I remember way back in the day when I fell in love with gin and the Gin & Tonic. I wasn't a big vodka fan (that came later) and G&Ts were perfect for a hot day and I was living in Texas so there were plenty of those. Made well a Gin & Tonic is light and crisp not too sweet and not too heavy like even sometimes the most everyday pilsner can be (for me anyway). It seems like for a long time there was quality gin and rotgut both more or less mass produced and that was pretty much about it. At least here in the US. Anyone doing anything close to micro batches or anything with a bolder botanical profile was likely making it in their bathtub or perhaps a distillery like they had on the tv show M.A.S.H.!
Enter gins like Hendrick's from Scotland and a little closer to home Death's Door from Wisconsin. There's a great list here of different brands of gin, their flavor profile and where they are crafted if you really want to see the variety.
Cut to about a month ago when M sent me a link for a Gin Martini made with cucumber, mint, and tarragon. We were doing a lot with cucumber and tarragon - those popsicle recipes - and I believe her comment was, "this looks great! we should try it out!"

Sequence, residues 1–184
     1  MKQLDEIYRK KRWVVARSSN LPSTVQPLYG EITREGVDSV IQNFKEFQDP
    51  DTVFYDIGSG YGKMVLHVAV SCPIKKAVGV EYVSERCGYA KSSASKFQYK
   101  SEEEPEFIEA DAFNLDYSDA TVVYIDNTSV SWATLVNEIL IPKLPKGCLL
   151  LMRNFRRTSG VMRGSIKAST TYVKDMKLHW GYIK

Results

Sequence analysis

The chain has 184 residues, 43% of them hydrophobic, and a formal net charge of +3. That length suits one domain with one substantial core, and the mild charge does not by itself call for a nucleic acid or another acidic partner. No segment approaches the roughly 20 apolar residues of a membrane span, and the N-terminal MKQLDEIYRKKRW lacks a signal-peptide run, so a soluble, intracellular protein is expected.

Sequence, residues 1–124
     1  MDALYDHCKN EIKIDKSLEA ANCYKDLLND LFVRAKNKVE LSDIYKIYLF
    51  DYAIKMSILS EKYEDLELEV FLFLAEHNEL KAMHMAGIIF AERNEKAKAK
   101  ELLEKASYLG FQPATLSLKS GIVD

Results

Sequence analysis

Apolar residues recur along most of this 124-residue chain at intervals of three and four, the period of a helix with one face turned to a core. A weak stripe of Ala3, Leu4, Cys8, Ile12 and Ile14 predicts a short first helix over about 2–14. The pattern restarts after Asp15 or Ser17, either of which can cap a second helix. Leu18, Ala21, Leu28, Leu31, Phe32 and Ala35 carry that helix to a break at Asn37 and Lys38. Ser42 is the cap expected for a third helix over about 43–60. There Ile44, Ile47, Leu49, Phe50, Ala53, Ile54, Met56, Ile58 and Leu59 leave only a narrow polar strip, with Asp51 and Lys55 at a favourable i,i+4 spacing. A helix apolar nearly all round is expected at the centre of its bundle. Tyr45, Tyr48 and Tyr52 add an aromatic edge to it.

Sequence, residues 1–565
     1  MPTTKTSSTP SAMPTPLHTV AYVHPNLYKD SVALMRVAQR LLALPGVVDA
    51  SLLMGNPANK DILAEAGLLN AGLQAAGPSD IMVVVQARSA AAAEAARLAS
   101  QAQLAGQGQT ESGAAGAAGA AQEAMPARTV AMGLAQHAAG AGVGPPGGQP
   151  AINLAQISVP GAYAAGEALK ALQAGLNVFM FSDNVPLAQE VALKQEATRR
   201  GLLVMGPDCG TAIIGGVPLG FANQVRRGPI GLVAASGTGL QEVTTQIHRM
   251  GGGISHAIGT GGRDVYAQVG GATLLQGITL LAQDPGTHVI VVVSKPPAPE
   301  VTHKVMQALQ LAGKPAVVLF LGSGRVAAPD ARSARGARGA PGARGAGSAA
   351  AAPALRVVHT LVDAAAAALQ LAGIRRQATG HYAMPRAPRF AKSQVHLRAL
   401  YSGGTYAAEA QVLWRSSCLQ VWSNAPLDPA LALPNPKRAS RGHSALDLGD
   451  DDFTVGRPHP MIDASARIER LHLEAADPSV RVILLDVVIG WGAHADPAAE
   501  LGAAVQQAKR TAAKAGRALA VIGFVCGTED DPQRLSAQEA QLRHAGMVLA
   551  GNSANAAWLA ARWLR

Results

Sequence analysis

Cut to last Wednesday when I was
The link to the recipe is above and here. I replaced the mint with shiso leaves. Depending on the size of the leaves use 2 - 4. The cocktail is strong and herbaceous. The St. Germaine gives it just enough sweet to round everything out.
Happy Birthday M!
The leaves sticking out of the top of the jar was supposed to look like a sophisticated and subtle hint about the ingredients - a card of sorts. I can't help, but think of a mullet when I look at this picture - business up front and a party in the back. Next time I'll remind myself "less is more".